A difficult year may get even harder for Fitbit (FIT) investors this week. The leading player in activity trackers reports quarterly results after Wednesday's market close, and it's not going to be pretty.

Fitbit has already braced investors for a rough 2017. It warned three months ago that revenue would plunge between 22% and 31% for the entire year, and the comparisons will be even uglier earlier in the year when pitted against the headier performance of the first half of last year.

Analysts see revenue of $280.8 million, 44% below where it landed during the first quarter of 2016. Fitbit moved 4.8 million connected health and fitness devices during the first three months of last year, including more than a million apiece of the Alta tracker and Blaze smartwatch that it introduced during the quarter. We're not seeing the same kind of fanfare for Fitbit's latest gadgetry these days. The updated Alta HR did roll out in late March, but it's not likely to be enough to move the needle in the first quarter.

The news should continue to be grim on the bottom line. Wall Street pros are also holding out for a quarterly deficit of $0.19 a share, reversing a year-ago profit. There isn't a single analyst that feels that Fitbit will turn a profit this year, and most expect the red ink to continue through 2018.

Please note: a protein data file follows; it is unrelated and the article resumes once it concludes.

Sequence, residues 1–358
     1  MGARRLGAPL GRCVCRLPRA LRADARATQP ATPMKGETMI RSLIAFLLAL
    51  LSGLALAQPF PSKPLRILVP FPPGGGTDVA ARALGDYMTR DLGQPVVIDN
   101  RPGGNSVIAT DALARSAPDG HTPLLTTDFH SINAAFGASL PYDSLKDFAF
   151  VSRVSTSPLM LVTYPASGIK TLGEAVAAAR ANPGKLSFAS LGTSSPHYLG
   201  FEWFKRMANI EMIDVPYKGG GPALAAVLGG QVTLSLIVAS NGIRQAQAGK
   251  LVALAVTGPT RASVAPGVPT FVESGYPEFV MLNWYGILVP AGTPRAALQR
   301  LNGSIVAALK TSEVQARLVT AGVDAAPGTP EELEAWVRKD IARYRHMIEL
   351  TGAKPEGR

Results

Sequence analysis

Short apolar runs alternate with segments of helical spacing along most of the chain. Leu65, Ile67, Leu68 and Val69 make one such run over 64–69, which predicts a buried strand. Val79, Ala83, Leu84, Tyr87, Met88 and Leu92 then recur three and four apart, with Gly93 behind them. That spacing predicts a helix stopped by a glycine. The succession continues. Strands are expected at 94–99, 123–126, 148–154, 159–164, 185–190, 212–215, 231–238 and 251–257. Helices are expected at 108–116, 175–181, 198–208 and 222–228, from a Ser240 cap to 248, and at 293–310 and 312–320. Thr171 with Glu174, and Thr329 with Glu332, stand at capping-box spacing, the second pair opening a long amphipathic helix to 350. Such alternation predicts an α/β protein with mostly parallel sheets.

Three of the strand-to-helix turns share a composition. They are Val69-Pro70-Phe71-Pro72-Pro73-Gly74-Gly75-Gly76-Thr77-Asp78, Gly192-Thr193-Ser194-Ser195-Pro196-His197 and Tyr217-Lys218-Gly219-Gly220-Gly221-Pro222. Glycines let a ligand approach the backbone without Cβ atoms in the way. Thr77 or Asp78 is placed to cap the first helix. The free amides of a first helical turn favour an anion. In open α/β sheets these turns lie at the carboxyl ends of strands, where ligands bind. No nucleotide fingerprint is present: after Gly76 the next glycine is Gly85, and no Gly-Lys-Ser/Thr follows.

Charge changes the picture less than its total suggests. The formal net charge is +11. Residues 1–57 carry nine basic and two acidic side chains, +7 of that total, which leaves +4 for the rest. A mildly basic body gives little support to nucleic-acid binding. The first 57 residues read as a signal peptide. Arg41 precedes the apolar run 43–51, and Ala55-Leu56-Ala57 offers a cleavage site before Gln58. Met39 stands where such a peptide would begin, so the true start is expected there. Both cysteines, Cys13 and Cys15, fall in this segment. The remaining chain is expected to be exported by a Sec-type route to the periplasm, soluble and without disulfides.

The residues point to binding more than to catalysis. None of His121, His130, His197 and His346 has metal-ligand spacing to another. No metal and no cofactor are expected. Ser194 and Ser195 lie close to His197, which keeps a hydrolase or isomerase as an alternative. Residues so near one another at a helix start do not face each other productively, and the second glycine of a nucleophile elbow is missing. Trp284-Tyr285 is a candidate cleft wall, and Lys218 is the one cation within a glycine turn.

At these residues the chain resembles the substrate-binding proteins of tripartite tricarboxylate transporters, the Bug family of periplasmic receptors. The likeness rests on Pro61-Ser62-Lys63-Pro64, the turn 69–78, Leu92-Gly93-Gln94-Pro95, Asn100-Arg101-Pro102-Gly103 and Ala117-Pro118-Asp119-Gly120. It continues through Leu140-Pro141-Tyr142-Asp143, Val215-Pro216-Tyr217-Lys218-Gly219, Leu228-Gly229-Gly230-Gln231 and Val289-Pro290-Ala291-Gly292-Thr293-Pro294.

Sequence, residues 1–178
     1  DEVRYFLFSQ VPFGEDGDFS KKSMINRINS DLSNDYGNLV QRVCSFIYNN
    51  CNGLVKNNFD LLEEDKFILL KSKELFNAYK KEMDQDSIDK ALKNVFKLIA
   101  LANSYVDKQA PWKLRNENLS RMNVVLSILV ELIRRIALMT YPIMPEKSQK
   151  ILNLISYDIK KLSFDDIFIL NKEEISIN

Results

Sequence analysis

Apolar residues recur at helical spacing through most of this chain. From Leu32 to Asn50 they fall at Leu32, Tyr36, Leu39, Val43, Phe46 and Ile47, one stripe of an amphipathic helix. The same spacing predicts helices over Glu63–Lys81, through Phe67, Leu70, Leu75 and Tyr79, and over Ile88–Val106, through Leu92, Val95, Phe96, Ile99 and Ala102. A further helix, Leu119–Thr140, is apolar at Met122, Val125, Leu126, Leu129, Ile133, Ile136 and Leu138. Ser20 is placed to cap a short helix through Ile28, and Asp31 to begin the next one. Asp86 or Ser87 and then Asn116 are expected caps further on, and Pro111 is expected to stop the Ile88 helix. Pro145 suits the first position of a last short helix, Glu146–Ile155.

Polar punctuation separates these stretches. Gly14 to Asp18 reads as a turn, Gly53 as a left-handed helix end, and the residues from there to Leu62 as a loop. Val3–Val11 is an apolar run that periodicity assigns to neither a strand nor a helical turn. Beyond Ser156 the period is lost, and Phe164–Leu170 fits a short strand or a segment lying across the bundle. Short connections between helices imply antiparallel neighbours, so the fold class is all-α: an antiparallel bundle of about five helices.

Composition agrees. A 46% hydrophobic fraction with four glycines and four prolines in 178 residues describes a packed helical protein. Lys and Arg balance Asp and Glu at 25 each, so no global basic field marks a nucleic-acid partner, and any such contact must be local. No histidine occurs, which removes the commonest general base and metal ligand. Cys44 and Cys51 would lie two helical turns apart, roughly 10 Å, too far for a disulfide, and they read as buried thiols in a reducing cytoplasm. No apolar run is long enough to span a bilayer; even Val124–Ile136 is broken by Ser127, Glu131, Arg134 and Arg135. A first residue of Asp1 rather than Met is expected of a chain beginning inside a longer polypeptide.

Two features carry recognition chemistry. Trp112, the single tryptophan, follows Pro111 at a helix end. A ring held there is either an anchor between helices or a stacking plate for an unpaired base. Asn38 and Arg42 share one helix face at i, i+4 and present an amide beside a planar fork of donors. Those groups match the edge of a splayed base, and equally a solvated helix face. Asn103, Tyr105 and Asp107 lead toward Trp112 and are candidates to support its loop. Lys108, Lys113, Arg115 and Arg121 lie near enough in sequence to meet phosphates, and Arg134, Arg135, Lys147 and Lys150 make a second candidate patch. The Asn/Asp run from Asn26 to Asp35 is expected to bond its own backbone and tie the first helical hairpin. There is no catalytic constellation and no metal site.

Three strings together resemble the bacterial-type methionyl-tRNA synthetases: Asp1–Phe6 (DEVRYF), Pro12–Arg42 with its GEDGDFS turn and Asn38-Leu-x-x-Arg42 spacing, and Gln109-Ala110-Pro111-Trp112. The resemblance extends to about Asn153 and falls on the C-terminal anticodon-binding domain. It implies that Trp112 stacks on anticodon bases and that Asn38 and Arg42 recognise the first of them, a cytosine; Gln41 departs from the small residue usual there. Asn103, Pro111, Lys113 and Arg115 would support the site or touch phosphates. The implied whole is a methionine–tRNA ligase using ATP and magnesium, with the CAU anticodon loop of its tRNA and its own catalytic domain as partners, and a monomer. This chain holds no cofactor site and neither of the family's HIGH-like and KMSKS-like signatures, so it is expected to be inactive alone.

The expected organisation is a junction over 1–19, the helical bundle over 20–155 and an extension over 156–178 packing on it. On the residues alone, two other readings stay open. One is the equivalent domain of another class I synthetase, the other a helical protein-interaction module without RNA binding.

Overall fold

Julianne Hough on a jumprope.

Image source: Fitbit.

Going out for a run

Momentum isn't in Fitbit's corner. Folks just aren't buying Fitbit trackers and smartwatches the way they used to, and Wall Street knows what to do when that happens. The shares plummeted 75% last year, and they're off by another 22% so far in 2017. The stock has fallen in seven of the past eight months. 

Fitbit can't seem to catch a break, and last week its brand took a hit when a story broke of a Wisconsin woman claiming that her Fitbit exploded on her arm. Fitbit promised an investigation, and this week it concluded that the Fitbit Flex 2 did not malfunction. Third-party analysis lays the blame of the device catching fire on external forces. You can be sure that Fitbit will be asked to elaborate on the situation during Wednesday's conference call.

A silver lining in the recent gloom and doom is that Scott Searle at Benchmark initiated coverage of the stock on Monday with a buy rating. He sees the top dog in wearables transitioning into the promising digital health market, and his $10 price target suggests 79% of upside off Monday's close. A bullish analyst is always welcome, but one that chimes in just two days before an important quarterly report is probably a good sign.

Wednesday afternoon's report won't be a hotbed of profitability and growth, but with the market bracing for something horrendous, any glimmers of optimism that Fitbit can offer about the future could put an end to the stock's brutal slide.